The one thing missing from the Toronto garden is protection from the sun. Neither Y or I are the types to lay out in the sun and, generally I prefer shade (I blame 13 years of living in the Pacific Northwest). We want to add a pergola for shade so we can dine outside without getting a tan. This structure with built-in bench on a rooftop garden in New York City is really amazing and very much in line with what I envision in our tiny little yard.

This pergola with built in bench would be perfect for our backyard. [Source: NY Times]

Next post I will tour the main floor of the house and post some of my ideas of how I want the space to be transformed. In the meantime, enjoy this super fun idea I stumbled across on my Pinterest.

Cranium Garden… Delightfully fun! [Source: DIY Network]



Till next time. . .

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  • Chad says:

    Your back yard is 2 feet bigger than mine in each direction, definitely a good amount of space to play with. There’s an annual garden tour in South Philly in September where I’ve gotten some good (unexecuted) ideas. Since you have lots of walls and want a pergola you should go wild with vines.

    • Devyn says:

      Perhaps we will be lucky enough to be in Philly for the garden tour. I would love to go wild with vines, but I am not sure how our neighbors would feel about having to deal with them on their side of the wall. I may look into annual climbers which can be cut back each fall to prevent it from getting too out of control.

      • Chad says:

        Some climbers are more aggressive than others. I trained a clematis up a (public) lamp post on my parents’ property using plastic chicken wire. That basically stays where you put it because it isn’t self clinging. Climbing hydrangea is self clinging but grows at a manageable pace. My aunt fell in love with Schizophragma ‘Moonlight’ in a cloister at Swarthmore College. (Definitely worth a trip if you want to self-teach about gardening. They have flyers at various gardens on campus showing the design intent and planting lists.)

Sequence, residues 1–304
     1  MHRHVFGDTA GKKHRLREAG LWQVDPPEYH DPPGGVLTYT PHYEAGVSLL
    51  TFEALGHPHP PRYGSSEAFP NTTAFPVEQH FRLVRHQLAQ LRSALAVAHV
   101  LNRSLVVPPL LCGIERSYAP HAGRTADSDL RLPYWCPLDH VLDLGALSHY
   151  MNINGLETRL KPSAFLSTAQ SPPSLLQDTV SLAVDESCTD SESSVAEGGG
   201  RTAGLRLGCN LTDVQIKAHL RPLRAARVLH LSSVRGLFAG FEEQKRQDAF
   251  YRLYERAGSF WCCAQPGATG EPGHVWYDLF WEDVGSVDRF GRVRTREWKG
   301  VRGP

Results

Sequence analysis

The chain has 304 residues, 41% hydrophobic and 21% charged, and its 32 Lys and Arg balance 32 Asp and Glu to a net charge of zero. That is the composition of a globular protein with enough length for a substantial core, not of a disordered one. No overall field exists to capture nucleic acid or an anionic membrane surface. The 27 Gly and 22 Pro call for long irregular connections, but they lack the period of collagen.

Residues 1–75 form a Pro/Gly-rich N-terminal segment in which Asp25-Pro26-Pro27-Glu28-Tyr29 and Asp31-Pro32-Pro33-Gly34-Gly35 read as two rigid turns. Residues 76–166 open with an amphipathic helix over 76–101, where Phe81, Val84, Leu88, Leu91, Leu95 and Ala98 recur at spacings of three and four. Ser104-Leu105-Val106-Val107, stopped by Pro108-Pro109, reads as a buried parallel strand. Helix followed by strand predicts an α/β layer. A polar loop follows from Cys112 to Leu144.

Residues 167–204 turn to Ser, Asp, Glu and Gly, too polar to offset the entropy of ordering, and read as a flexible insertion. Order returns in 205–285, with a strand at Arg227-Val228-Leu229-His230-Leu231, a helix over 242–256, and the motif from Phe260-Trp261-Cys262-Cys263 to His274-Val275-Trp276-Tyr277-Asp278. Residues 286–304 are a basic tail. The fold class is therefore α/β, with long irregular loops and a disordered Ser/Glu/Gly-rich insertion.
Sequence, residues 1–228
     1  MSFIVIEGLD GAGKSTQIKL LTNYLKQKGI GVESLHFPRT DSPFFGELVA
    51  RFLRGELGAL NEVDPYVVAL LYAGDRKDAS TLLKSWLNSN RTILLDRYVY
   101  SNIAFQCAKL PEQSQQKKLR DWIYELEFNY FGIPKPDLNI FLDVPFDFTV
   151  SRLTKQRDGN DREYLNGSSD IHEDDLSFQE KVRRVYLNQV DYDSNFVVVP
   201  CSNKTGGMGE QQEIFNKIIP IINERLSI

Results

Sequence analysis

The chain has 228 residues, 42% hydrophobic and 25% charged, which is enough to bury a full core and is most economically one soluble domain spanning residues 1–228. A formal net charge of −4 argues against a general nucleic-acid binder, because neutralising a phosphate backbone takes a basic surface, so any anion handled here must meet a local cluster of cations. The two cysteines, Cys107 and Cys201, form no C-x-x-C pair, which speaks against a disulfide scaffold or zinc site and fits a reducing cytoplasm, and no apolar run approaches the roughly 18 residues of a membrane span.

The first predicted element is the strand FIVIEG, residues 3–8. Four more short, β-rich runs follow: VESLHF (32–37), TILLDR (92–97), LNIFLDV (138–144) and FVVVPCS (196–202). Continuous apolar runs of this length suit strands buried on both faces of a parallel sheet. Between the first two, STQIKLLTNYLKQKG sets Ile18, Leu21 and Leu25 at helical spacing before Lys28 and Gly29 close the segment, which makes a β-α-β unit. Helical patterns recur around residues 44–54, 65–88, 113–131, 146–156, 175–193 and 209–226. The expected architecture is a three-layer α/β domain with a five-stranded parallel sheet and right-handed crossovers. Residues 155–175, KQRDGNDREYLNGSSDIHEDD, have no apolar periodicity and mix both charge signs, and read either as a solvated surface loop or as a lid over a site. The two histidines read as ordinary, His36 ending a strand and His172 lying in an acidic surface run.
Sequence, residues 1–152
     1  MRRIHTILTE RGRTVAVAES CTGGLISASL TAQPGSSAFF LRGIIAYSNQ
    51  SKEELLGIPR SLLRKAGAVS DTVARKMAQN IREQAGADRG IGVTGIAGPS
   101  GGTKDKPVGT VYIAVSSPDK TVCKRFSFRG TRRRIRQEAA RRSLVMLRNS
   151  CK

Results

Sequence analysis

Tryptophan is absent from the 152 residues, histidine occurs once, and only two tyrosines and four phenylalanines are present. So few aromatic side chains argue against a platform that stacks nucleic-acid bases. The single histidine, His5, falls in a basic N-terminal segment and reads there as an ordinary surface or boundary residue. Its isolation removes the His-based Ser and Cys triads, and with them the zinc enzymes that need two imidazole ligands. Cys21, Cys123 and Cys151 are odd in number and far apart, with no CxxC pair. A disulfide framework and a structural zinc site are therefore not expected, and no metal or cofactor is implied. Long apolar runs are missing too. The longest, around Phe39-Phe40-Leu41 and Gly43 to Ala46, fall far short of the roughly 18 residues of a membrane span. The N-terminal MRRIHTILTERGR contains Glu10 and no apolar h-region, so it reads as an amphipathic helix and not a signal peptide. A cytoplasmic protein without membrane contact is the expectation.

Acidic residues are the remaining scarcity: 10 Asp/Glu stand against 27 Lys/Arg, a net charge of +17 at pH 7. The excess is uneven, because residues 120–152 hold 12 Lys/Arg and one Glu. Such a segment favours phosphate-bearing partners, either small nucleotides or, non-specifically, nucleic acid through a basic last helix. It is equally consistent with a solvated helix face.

My friend’s parents have a pergola with wisteria and trumpet creeper on it. Especially when the former is in bloom it’s awesome, but has to be pruned several times a year. I read though that there’s a less popular wisteria species that’s native to the US and grows less aggressively. Though it doesn’t bloom as profusely as Japanese wisteria, it blooms more reliably in our climate.

        Of course, you have lots of time to ponder things like that. I’ll let you know about the garden tour when they announce a date/neighborhood. It’s a fundraiser for the South Philly food co-op, which is a bit inconvenient for you at Broad and Snyder although I’m pretty happy with that location.

      • Chad says:

        Also, if you’re really afraid of vines on the outside walls, the Powel House in Society Hill has camellias espeliered to the garden walls. I’m planning to copy that because my parents gave me a camellia that was never happy in their slightly colder and much more open yard 10 miles away.

  • Cindi M says:

    I agree with Chad about the garden tour and the vines. Vines decrease the heat sink all that concrete creates. The walls give you protection so you can up your zone to maybe 7a or b. Maybe you could find a hardy fig. (Very South Philly.) But hardy so you don’t have to bury it in the winter.
    I can’t wait to see what you do. I know it will wonderful.

    • Devyn says:

      As I mentioned to Chad, I would love to go wild with vines, but I’ll need to find out how our neighbors would feel about having to deal with them on their side of the wall. Annual climbers may be the solution.

      The pergola and related plans will likely be a few years away as there are higher priorities. But, we plan to at least get a patio set and some potted plants going soon.

  • […] on Pinterest, I thought it would be fun to post about my inspirations for our house. Previously in Part 1, I posted about the outdoor spaces both front and back, then in Part 2 I did a tour of the first […]